Mr. Speaker, the only people who wanted us to give in to Donald Trump's demands were the Conservatives. The advice from Stephen Harper for Canada to capitulate is well known and well documented. So are the urgent calls from the Conservatives, both in the House and in the province of Ontario, for Canada to drop its retaliation.
     That retaliation on steel and aluminum tariffs was Canada's strongest trade action since the Second World War. That was central to our success in getting these tariffs lifted.
    Mr. Speaker, yesterday, the Senate Liberal leader admitted that the Prime Minister did not even try to negotiate an end to the softwood lumber dispute in the failed renegotiations of NAFTA. He had other priorities.
    Mill closures are being seen in my riding and throughout our province. In 2016, the Prime Minister stood and said he would have a deal within 100 days. He also told Canadians that he was seized with finding an end to the softwood dispute, yet now we know he had other priorities.
    Why did the Prime Minister not take this once-in-a-generation opportunity and to put an end to the softwood lumber dispute once and for all?
    Mr. Speaker, we are very seized with the softwood lumber issue. I have raised it repeatedly with Ambassador Lighthizer, and the Prime Minister raised it with the Vice President yesterday.
    Having said that, one of the reasons we were so adamant about not accepting a terrible quota deal for steel and aluminum was because we did not want to follow the wretched Conservative example of accepting quotas for our softwood lumber industry. We learned from the mistakes of the Conservatives. I wish they could learn from their mistakes too.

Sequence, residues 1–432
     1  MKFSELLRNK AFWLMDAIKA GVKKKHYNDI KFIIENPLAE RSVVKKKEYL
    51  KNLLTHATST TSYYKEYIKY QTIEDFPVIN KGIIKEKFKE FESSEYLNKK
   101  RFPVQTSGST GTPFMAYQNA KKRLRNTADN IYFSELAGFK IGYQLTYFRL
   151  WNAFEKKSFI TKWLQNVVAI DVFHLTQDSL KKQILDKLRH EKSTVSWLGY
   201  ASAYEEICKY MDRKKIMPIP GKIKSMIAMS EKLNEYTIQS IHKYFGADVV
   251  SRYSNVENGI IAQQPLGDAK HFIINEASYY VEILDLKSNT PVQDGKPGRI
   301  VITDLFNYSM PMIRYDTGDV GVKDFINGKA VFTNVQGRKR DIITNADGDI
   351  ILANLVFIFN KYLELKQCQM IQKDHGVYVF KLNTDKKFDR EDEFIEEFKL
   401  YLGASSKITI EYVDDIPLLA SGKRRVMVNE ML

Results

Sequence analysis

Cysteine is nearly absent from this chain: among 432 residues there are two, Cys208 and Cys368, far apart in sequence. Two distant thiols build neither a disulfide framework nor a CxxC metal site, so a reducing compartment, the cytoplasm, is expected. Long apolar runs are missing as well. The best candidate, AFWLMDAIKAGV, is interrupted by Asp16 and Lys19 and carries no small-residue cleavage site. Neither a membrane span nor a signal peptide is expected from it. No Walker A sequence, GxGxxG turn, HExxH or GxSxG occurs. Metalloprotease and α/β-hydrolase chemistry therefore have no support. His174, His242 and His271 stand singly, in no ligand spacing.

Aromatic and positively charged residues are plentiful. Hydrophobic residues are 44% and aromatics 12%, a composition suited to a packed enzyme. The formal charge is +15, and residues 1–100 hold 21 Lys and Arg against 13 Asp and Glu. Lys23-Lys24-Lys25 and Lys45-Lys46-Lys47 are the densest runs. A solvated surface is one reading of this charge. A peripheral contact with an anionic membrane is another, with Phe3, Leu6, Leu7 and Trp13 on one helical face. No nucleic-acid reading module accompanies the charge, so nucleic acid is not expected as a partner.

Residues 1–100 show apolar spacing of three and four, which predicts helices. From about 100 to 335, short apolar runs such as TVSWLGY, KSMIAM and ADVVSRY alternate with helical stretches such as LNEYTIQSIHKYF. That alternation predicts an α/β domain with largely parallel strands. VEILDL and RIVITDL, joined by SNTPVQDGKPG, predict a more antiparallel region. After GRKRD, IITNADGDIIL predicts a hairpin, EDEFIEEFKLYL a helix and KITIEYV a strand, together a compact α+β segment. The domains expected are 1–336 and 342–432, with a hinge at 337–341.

Mr. Speaker, the government introduced the new NAFTA implementation bill. The Liberal government sacrificed dairy producers without knowing what the impact on our dairy industry would be. Now they have another stressful situation to deal with. The Liberals want to sign a new agreement even though they have not yet compensated producers for the two previous agreements.
    Why did the government fail producers in my region?
    Mr. Speaker, on the issue of softwood lumber, I would emphasize the importance of industry leaders. The member talked about softwood lumber. I want to emphasize how important leadership on the part of softwood lumber industry leaders is. There was a lot of consultation with steel industry leaders, and the softwood lumber industry leaders recommended not making the same mistakes the Conservatives made. We listened to them.


Natural Resources

    Mr. Speaker, the Liberal government is opposed to Canadian energy.
     The Prime Minister said that he wanted to shut the oil sands down. The Liberals' no more pipelines bill, Bill C-69, will be devastating to any future development. They promised to build the Trans Mountain expansion immediately, but there are still no shovels in the ground. Now they are threatening a war on plastics.
    Well, half the jobs in my riding of Sarnia—Lambton depend on Canadian energy, pipelines and plastics. Why are the Liberals attacking the hard-working people of Sarnia—Lambton?